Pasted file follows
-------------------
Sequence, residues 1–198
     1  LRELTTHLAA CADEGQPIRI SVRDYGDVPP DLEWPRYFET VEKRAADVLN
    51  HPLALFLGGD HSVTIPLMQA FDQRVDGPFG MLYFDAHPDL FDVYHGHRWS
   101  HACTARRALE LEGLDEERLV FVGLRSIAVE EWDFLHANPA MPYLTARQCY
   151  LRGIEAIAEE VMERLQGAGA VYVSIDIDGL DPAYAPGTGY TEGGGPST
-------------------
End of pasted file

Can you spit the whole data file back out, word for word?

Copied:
Sequence, residues 1–198
     1  LRELTTHLAA CADEGQPIRI SVRDYGDVPP DLEWPRYFET VEKRAADVLN
    51  HPLALFLGGD HSVTIPLMQA FDQRVDGPFG MLYFDAHPDL FDVYHGHRWS
   101  HACTARRALE LEGLDEERLV FVGLRSIAVE EWDFLHANPA MPYLTARQCY
   151  LRGIEAIAEE VMERLQGAGA VYVSIDIDGL DPAYAPGTGY TEGGGPST